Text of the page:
Do these re-posters live by morals that are above the rest of us?
I admit that I will re-post environmental articles that I feel may be of interest to others or that I feel strongly about. But at least I can say that I make every effort that is feasible to live a sustainable life (apart from the amount of travelling I do, but that’s for work and also something I’m trying to change). My point is: these people who are so shocked at pictures of animal cruelty, are they vegetarians? Do they eat organic meat? Do they know where their meat comes from and that the livestock is kept in conditions that do not invoke any suffering? Do they worry about palm oil and the effect that has on wildlife around the world? Maybe some do – but not many.
When I post something up on facebook, I keep it clean and I would definitely not want to shock someone with anything I post. Besides, shock tactics have rarely been proven to work.
Additionally, these pictures are not informing me of something I’m ignorant to. I know late abortions are happening, I know animals are mistreated. I don’t need nasty pictures on facebook to remind me of this.
If all of these photos came with a link to donate to a relevant charity, a petition to lobby the government or some other means of making them relevant and useful, then fair enough. But the majority of them don’t. They are just sad people wallowing in a sad world they feel they must impose on the rest of us.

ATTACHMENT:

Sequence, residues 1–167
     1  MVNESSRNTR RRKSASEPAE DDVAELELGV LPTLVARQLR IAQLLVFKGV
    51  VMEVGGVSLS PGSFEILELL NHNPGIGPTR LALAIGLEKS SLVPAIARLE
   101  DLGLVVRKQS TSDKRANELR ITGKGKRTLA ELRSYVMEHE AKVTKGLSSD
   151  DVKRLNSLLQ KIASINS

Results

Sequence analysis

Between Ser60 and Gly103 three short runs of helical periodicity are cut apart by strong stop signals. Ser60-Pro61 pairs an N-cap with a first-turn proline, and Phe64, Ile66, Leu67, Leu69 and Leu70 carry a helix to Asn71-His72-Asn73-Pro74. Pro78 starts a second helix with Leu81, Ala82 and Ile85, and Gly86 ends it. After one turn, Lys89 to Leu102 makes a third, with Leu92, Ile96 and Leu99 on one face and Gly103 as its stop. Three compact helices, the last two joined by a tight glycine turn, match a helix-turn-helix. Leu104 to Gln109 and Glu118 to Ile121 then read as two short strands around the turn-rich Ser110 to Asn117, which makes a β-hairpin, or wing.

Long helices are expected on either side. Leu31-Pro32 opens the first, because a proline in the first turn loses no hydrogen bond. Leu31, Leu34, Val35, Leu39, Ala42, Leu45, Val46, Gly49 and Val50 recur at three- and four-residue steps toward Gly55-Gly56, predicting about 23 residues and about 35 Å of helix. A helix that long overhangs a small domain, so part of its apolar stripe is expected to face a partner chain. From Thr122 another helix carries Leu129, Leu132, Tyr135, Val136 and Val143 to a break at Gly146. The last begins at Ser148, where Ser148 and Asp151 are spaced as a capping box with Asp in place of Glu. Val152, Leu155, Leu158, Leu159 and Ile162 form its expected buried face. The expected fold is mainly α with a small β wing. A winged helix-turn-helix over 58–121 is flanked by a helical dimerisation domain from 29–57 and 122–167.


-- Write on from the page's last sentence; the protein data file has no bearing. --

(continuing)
I could pull a million sick photos off the Internet and circulate them around my social media networks, but why would I want to. Why do others want to?
It reminds me of a video I watched when I was younger that showed people dying in a multitude of different ways. The intro to this video said something like “we have brought you this film because we want you to see the futility of killing”, or some other crap along those lines. What they should have said was, “we bring you this video because you’re sick bastards who enjoy watching others die, but we can’t actually say that, so we have to pretend this is for pious reasons instead”. What a load of nonsense.
If there was no harm in circulating these photos, then fair enough, but many people look at facebook with their kids in the room, or are just looking to connect with friends or find a funny little youtube clip to watch.
I will admit that I am as fascinated by the macabre as the next man and that when a BBC News reporter says, “some of the scenes you about to witness may be disturbing”, I feel even more compelled to watch. But that’s my choice and I get warned beforehand. Having nasty photos sprung on me when I’m just looking for some facebook funnies isn’t… well… funny.